Drug interactions between methadone and phenobarbital
Interactions between your drugs
Applies to: methadone and phenobarbital
Using methadone together with other medications that cause central nervous system depression such as PHENobarbital can lead to serious side effects including respiratory distress, coma, and even death. Additionally, PHENobarbital may reduce the blood levels of methadone in some cases, which may make the medication less effective in treating your condition. If you have been receiving treatment with methadone, adding PHENobarbital may cause you to experience unpleasant withdrawal symptoms such as watery eyes, runny nose, sneezing, yawning, excessive sweating, goose bumps, fever, chills, flushing, restlessness, irritability, anxiety, depression, pupil dilation, tremor, rapid heart beat, body aches, involuntary twitching and kicking, abdominal cramping, loss of appetite, nausea, vomiting, diarrhea, and weight loss. On the other hand, if you have been receiving both medications, discontinuing PHENobarbital may increase the blood levels of methadone, which could lead to an overdose. Talk to your doctor if you have any questions or concerns. Your doctor may be able to prescribe alternatives that do not interact, or you may need a dose adjustment or more frequent monitoring to safely use both medications. Do not drink alcohol or self-medicate with these medications without your doctor's approval, and do not exceed the doses or frequency and duration of use prescribed by your doctor. Also, you should avoid driving or operating hazardous machinery until you know how these medications affect you. It is important to tell your doctor about all other medications you use, including vitamins and herbs. Do not stop using any medications without first talking to your doctor.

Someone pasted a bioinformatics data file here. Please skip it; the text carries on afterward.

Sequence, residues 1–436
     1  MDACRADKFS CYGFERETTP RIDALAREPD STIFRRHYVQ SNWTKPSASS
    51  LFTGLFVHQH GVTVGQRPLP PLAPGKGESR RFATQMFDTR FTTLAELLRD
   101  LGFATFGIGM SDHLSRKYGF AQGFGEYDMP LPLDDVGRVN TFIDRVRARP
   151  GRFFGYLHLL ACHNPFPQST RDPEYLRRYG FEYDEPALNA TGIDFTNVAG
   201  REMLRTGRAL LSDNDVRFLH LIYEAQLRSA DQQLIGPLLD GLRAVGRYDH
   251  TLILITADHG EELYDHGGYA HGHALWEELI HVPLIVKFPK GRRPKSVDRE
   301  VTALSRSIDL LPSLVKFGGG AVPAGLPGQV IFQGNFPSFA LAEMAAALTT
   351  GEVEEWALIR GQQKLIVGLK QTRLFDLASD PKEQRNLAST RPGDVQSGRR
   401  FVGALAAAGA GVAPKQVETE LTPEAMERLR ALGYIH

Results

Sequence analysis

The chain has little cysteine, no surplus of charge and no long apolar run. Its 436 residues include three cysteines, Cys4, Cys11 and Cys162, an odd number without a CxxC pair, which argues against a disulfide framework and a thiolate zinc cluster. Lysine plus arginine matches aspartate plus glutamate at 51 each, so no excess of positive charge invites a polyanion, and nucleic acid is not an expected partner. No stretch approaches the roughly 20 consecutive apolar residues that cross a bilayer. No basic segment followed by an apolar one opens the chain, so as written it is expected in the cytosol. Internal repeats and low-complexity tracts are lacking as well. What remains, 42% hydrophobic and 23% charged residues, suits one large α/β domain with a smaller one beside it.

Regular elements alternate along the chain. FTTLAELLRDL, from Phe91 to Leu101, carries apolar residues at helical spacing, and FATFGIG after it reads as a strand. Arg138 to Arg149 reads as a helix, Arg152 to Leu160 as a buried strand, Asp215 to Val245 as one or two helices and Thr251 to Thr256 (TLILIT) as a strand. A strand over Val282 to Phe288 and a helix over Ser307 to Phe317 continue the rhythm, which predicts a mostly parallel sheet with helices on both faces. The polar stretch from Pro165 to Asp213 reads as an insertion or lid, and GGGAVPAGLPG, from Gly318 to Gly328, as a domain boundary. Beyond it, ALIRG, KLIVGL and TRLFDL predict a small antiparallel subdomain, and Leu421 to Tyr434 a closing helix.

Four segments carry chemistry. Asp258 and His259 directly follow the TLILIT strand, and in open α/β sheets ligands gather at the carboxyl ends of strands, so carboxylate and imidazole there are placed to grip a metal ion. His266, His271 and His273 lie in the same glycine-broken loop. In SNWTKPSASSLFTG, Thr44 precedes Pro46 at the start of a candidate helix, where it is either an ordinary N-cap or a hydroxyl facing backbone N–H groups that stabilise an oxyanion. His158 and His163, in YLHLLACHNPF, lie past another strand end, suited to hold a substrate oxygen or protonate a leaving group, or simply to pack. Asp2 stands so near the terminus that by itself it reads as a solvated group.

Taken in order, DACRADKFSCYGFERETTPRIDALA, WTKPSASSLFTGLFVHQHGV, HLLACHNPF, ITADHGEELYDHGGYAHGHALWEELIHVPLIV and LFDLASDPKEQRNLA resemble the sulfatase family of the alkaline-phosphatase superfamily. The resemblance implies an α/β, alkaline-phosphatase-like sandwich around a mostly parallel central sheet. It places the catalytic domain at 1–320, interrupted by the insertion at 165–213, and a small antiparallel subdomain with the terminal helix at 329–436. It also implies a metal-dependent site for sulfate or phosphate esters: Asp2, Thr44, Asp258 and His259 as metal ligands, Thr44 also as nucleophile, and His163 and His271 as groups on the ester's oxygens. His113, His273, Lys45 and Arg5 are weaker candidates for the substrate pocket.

Drug and food interactions
Applies to: methadone
Grapefruit juice can increase the blood levels and effects of methadone. If you regularly consume grapefruits or grapefruit juice, you should be monitored for side effects and/or changes in methadone levels. Do not increase or decrease the amount of grapefruit products in your diet without first talking to your doctor. Orange juice is not expected to interact.
Therapeutic duplication warnings
No warnings were found for your selected drugs.
Therapeutic duplication warnings are only returned when drugs within the same group exceed the recommended therapeutic duplication maximum.
Drug Interaction Classification
|Highly clinically significant. Avoid combinations; the risk of the interaction outweighs the benefit.|
|Moderately clinically significant. Usually avoid combinations; use it only under special circumstances.|
|Minimally clinically significant. Minimize risk; assess risk and consider an alternative drug, take steps to circumvent the interaction risk and/or institute a monitoring plan.|
|No information available.|
Do not stop taking any medications without consulting your healthcare provider.